Over 2 weeks in Tampa and Florida, the United States tuned in to hear people…give speeches. That’s it. They just heard people talk. For all the criticism of preaching today and for all the emphasis on new types of communication and technology, nothing can replace a human speaking to others.

So this contrarian resource is Bill Clinton. Specifically, Bill Clinton’s speaking ability. President Clinton is without question the best public speaker of our generation, and we have much to learn from him.

Bill Clinton was almost booed off the stage when he introduced Michael Dukakis as the democratic nominee years ago. However, he honed his craft and now we could learn much from him. If Bill Clinton can spend years perfecting his craft in order to better present political ideas, should not we as preachers of the gospel do whatever we can to better present the life-saving message of Jesus?

If you did not watch Bill Clinton’s DNC speech from this year you should watch it now:

I won’t make my own observations on why Clinton is so effective and what you should learn from him because that’s been done better here:

If you want to be a better public speaker, Bill Clinton is an indispensable resource for you.

Are you like Kevin Kelley? Question 1

September 10, 2012

Question #1: Are you willing to be yourself if it means foolishly being different from everyone else?  David knew that God wanted his worship, so he worshiped God with all his energy, sacrificing his pride in the process. He cared what no one thought—he just wanted God to know David loved him.  are you willing to be like David?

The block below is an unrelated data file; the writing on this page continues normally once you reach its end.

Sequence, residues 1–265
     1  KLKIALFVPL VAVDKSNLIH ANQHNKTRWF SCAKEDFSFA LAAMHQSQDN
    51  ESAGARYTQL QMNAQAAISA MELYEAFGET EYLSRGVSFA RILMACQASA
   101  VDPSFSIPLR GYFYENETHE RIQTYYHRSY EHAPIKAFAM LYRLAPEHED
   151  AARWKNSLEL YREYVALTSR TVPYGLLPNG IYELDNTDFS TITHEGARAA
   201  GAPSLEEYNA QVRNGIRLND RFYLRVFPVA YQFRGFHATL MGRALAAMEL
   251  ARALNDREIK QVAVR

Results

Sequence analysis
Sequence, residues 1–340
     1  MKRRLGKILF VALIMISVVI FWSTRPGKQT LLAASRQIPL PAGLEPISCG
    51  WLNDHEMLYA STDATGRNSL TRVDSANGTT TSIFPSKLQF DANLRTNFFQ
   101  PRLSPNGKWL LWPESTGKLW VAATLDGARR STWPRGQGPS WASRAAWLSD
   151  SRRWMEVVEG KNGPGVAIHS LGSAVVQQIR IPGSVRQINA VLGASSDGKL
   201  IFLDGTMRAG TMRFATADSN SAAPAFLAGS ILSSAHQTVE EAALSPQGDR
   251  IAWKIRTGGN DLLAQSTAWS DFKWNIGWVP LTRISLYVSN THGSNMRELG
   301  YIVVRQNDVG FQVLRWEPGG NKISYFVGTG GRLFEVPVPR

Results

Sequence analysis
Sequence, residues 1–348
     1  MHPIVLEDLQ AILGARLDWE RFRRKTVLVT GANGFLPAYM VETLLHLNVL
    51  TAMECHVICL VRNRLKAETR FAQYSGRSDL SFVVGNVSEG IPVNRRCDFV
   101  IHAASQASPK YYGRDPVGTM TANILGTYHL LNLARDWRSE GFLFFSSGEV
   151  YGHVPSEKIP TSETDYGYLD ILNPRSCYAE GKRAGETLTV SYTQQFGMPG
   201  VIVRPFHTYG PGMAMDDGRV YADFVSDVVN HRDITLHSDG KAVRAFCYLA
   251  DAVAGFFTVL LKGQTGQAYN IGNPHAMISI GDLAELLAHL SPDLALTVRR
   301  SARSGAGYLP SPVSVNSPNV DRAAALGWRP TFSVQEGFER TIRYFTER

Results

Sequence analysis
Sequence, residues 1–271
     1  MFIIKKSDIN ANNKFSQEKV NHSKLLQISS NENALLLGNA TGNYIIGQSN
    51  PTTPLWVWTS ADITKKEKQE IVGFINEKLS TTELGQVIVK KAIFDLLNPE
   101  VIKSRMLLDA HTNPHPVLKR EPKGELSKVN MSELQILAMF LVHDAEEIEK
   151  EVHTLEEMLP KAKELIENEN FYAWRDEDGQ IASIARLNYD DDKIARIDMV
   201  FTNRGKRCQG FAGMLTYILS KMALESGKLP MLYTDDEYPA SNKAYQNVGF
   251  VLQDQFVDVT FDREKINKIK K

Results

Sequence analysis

Here’s the irony about Kevin Kelley’s story.  Even thought the math is on his side when it comes to always going for 2 and refusing to punt…no one else does it.  There are a few outliers at lower levels of football who are intrigued and want to learn from him.  But when you make the jump to the NFL, no one does his style, even though the math still says he’s right.  In fact, Cal-Berkeley economist David Romer published a study on NFL game theory that showed, among other things, that “regardless of field position, on anything less than fourth and five, teams are always better off going for it.”  Romer observed 1068 fourth-down situations in which statistics say the right decision is to go for it, yet the NFL teams punted 959 of those times.

Why?  If NFL coaches are paid millions of dollars to win, why do they make decisions that give them a worse chance of winning?

Peer pressure.

If a coach goes for it on fourth down in his own territory (cough, cough, Bill Bellicheck) and doesn’t get it and loses the game, the analyst shows will bash him all week.  But if he gets the first down he doesn’t get near the amount of praise as he would criticism.

The connection to church planting is obvious, right?  Sometimes the right thing to do is what everyone else thinks is the wrong thing.

You’re going to reach those people?

Your services will be where?

            What are you preaching on?

Has that strategy worked anywhere before?

I’ve never heard of a church doing that kind of outreach before.

A good test of if you are willing to be yourself is if you are receiving criticism.  Jesus could have avoided a lot of criticism if he had just acted like everyone else.  He was criticized for being a drunk, for hanging out with prostitutes, and for bashing the establishment.  If we are following the leading of Jesus, should we expect to be any different?

Sometimes I’ll start to feel sorry for myself when I receive criticism about our church’s style or audience or vision or advertising.  And I think the reason it stings is that it often comes from well-meaning Christians.  But I have to remind myself that this is what I signed up for.  And if I don’t want to be criticized I’d better stop following Jesus, stop being myself, and stop being different from everyone else.

Now honestly, it’s pretty easy most of the time for church planters to answer a resounding “yes” to question #1.  You’re planting a church, which is a huge risk already, so starting a new ministry, strategy or tactic isn’t necessarily the most difficult thing.  And that’s why question 2 is essential, because it highlights our motives and asks if have true humility.